June 18--SCHENECTADY -- The city has backed off the idea of making all dog owners carry insurance, instead requiring such coverage for people who have received tickets for loose or dangerous dogs.
The City Council originally proposed that every dog owner would have to have $50,000 of liability insurance, coverage that's already provided under homeowners insurance but that would cost a renter $150 to $250 a year. Such insurance could help compensate dog attack victims like Hamilton Hill resident Shirleen Lucas, whose ears and scalp were ripped away during an attack by three pit bulls in August 2011. The dog's owner, Jasmine Tirado, was prosecuted in City Court and received 30 days in jail. But there was no money available to compensate Lucas for pain and suffering.
But now, according to information that will be provided to City Council Monday, Schenectady will greatly tone down the legislation, requiring that only owners of problem pets get insurance. People who are determined by a city judge to have a dangerous dog, or receive two violations in one year for loose dogs, would be required to have liability insurance for each dog in their possession. The proposal says only "possession" of a dog would need to be proved. Many residents try to wiggle out of prosecution by saying they don't technically own the animal, assistant city attorney Carl Falotico says in the written proposal. If the person is ticketed for a problem dog again and doesn't have insurance, punishment would range from 15 days to one year in Schenectady County Jail.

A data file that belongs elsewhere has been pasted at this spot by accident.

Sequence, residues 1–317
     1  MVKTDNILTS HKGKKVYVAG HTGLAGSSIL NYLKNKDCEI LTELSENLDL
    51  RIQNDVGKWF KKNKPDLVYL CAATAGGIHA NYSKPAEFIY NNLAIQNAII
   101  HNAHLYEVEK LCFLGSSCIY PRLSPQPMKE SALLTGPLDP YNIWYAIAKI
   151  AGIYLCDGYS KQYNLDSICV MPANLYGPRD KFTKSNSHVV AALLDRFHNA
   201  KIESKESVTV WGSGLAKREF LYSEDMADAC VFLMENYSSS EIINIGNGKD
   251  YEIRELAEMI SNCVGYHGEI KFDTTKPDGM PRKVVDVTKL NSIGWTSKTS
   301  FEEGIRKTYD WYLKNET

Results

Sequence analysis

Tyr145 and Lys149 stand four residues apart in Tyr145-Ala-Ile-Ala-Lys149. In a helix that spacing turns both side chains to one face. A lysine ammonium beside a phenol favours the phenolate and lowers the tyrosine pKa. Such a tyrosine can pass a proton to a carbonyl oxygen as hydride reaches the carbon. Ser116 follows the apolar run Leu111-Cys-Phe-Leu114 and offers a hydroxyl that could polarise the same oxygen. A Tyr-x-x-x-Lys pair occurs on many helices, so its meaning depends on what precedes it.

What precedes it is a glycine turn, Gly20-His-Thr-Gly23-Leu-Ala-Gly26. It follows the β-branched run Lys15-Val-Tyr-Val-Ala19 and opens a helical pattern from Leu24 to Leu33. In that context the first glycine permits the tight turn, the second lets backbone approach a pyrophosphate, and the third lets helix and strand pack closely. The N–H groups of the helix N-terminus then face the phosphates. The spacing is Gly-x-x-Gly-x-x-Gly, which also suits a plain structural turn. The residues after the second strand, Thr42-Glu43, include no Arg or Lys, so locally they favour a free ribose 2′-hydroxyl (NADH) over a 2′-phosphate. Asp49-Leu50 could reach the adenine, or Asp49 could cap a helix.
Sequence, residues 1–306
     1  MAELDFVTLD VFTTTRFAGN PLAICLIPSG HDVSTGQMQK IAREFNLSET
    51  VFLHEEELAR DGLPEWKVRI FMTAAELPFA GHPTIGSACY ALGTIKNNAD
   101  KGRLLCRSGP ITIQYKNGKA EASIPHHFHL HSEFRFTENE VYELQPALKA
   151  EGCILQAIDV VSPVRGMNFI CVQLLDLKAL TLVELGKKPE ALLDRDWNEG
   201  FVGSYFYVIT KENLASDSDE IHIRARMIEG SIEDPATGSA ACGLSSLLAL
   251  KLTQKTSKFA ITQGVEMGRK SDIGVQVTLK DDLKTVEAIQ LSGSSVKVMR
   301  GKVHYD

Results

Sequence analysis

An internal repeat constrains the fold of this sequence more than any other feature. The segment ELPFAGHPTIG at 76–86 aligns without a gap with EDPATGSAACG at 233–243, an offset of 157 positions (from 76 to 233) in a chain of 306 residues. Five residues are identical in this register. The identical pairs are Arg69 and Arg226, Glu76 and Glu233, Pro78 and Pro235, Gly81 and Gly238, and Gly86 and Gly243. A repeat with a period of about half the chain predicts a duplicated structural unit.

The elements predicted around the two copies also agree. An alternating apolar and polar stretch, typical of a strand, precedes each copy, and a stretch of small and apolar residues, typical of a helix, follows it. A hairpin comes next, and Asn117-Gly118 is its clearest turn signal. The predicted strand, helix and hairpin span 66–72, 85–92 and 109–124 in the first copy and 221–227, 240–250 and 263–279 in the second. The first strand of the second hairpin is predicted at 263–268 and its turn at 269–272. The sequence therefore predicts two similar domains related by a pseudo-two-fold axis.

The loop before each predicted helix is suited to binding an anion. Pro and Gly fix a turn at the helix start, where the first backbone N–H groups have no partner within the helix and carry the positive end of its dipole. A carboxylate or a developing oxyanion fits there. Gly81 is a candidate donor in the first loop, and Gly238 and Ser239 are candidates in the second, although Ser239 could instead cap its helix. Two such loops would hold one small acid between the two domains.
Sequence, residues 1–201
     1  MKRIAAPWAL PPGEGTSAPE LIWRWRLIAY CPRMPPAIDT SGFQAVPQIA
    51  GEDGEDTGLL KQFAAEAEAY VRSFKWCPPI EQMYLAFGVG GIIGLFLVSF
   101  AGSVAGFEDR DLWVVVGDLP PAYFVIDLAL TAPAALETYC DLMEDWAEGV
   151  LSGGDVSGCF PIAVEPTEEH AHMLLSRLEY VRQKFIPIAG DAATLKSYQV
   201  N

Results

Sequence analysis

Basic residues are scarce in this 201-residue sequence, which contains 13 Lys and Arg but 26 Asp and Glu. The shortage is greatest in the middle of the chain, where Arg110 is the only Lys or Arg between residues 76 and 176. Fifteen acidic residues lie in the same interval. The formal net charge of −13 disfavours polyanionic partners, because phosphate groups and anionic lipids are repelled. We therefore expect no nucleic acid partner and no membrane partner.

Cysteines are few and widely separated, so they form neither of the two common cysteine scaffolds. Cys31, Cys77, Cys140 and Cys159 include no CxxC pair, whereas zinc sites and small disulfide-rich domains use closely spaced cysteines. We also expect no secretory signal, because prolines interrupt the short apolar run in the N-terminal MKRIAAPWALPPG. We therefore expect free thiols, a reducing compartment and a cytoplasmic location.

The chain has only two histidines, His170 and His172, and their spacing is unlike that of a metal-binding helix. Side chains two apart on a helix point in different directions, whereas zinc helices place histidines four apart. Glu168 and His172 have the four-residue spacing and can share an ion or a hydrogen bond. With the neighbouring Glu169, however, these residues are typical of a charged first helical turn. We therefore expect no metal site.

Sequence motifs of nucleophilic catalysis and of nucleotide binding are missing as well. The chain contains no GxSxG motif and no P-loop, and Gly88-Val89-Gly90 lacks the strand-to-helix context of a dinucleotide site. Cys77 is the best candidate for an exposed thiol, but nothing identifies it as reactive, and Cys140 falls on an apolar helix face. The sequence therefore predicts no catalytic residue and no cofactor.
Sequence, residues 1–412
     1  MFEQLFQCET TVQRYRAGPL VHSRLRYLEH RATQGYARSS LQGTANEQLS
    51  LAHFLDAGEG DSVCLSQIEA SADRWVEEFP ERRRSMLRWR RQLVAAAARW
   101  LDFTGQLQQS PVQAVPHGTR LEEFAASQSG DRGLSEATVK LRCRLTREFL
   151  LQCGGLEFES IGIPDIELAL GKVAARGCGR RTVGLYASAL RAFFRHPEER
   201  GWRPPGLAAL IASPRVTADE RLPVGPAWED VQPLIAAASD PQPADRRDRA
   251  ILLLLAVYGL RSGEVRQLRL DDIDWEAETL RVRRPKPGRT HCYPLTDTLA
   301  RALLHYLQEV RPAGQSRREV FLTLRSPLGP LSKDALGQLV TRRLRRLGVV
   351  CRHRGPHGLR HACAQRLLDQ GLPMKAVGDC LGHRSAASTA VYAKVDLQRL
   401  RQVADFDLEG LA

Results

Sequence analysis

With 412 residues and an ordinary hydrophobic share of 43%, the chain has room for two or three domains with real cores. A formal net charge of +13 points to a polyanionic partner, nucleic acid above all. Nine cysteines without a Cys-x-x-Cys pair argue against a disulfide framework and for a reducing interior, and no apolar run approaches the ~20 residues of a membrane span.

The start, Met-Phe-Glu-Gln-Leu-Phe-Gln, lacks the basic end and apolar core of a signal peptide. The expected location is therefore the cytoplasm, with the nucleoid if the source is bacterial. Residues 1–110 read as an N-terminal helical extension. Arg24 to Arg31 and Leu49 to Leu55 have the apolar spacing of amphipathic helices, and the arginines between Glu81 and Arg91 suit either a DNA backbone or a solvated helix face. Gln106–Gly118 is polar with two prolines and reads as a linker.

When the original law was presented by City Attorney John Polster last month, City Council members had little to say about it, instead waiting to hear from residents during a public hearing May 29. But only one person, possible Democratic City Council candidate Robert Sanders, spoke.
It's unknown why the law is being scaled back. City Council President Denise Brucker could not be reached for comment Sunday.
But Mayor Gary McCarthy, who has been neutral on the idea, said requiring insurance of every dog owner might be difficult to enforce and that the most important thing in combating dog attacks is getting the animals licensed. "What gives you the desired effect for your problem population as opposed to increasing costs for people who are playing by the rules?" he said.
The city has also proposed that any unlicensed dog brought to an animal shelter as a stray will only be kept for three days until the dog is put up for adoption or euthanized. The move would save the city up to $150 per stray dog, as Schenectady now allows eight days before a shelter determines a dog's fate.
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